- A legal services industry in Oakmont, PA, requires a bookkeeper that is familiar with QuickBooks accounting software and able to maintain historical records. Ideal candidates must have 3 years of experience and strong organizational skills.
- An employer in South Carolina is looking for a candidate capable of establishing and maintaining a chart of accounts. Bookkeepers must be able to develop accounts, balance ledgers and prepare financial reports.
- A company in Georgia requires someone who is capable of reconciling credit cards and bank accounts and managing employees. The ideal candidate must have 3-5 years of experience in property management and 10 years of experience in bookkeeping.
How to Get Ahead in the Field
If you want to stand out in the field, you might want to consider becoming a certified bookkeeper (C.B.) in order to increase job prospects. This certification is available through the American Institute of Professional Bookkeepers (A.I.P.B.). Passing an exam, obtaining professional experience and complying with the code of ethics are requirements for the certified bookkeeper certification. You may also gain certification through the National Bookkeepers Association.
Although no specific education beyond a high school degree is required for many positions, bookkeeper candidates may gain an advantage in the field by completing a formal education in a 2-year associate degree program. Bookkeepers with additional education may also increase job prospects for employers by handling more complex accounting tasks.
Develop Additional Career Skills
Increasingly, bookkeepers must be familiar with financial accounting software and other computer data applications, so having expertise in these applications can advance you in the field. Additionally, bookkeepers may be responsible for office management tasks as well as their regular bookkeeping duties. Other skills that are beneficial in the field include:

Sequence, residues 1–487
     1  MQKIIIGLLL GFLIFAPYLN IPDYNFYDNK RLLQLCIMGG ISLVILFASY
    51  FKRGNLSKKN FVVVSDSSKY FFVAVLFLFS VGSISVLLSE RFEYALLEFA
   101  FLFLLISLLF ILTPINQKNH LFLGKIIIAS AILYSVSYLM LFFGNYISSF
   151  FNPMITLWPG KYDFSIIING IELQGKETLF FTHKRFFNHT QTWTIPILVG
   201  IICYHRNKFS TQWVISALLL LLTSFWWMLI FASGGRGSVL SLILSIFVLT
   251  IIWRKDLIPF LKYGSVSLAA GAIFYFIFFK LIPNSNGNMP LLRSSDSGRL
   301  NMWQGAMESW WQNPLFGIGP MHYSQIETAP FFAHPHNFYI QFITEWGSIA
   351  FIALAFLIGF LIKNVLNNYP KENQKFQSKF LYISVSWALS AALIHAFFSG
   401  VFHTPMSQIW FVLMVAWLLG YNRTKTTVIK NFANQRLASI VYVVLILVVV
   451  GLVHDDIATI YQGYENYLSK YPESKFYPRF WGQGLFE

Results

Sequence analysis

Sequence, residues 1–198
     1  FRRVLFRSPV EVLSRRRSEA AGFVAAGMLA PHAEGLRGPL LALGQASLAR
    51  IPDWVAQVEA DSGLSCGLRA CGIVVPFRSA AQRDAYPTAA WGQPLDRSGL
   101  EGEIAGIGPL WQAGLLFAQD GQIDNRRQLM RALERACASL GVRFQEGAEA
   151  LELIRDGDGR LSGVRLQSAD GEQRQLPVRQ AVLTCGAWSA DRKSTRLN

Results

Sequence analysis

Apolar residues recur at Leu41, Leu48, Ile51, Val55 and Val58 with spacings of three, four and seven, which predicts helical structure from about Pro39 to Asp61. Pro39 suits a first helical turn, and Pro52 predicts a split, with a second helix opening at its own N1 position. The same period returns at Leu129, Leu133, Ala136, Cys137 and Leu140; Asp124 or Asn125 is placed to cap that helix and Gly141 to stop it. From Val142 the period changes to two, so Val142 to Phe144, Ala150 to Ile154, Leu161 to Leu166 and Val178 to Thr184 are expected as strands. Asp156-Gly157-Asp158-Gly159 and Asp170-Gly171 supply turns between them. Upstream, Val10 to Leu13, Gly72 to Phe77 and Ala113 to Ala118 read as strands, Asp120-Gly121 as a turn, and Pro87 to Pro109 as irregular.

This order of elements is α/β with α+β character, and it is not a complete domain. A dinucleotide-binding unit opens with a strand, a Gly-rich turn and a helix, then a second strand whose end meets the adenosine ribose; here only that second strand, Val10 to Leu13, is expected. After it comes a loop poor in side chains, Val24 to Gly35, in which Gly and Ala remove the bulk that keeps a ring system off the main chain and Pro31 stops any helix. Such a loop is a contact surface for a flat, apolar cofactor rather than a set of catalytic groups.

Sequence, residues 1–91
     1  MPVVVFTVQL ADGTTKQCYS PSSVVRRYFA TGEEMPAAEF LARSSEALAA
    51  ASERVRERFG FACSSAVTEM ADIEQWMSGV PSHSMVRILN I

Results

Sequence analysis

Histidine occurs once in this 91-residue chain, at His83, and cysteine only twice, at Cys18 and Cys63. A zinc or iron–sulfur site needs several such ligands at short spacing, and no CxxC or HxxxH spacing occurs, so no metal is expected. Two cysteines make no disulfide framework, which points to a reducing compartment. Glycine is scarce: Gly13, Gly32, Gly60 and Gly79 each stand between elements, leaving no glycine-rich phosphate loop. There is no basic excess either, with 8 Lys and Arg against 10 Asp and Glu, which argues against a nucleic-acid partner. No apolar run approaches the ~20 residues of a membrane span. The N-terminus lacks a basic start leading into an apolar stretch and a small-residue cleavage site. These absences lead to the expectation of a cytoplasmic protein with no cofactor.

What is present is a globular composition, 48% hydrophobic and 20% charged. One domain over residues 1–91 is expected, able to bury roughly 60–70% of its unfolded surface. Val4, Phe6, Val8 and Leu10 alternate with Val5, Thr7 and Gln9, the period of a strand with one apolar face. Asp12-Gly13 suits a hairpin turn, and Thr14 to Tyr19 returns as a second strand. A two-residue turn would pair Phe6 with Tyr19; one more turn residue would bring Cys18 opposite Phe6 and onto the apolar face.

- Ability to manage documents and files
- General ledger management
- Ability to think analytically and with good business sense
- Work under a code of ethics
- Attention to detail
Alternative Career Options
If you like the thought of working with numbers, but would like something with a bit more pay, you can become an accountant. Accounting careers require you to hold a bachelor's degree, and many accountants even pursue a C.P.A. (Certified Public Accountant) designation. However, the advanced education may be worth it in the end with accountants and auditors averaging $70,000 as of May 2011, according to the BLS.
If you like the thought of office management, but numbers really aren't you're forte, you might also consider becoming a general office clerk. A general office clerk performs many administrative tasks, and some of these responsibilities may overlap with that of a bookkeeper. Among other duties, a general office clerk might perform tasks such as office supply management, data entry and records maintenance. The pay of general clerk is slightly less than bookkeepers at $29,000 as of May 2011; however, the projected growth in the field is a bit more at 17% from 2010-2020, stated the BLS.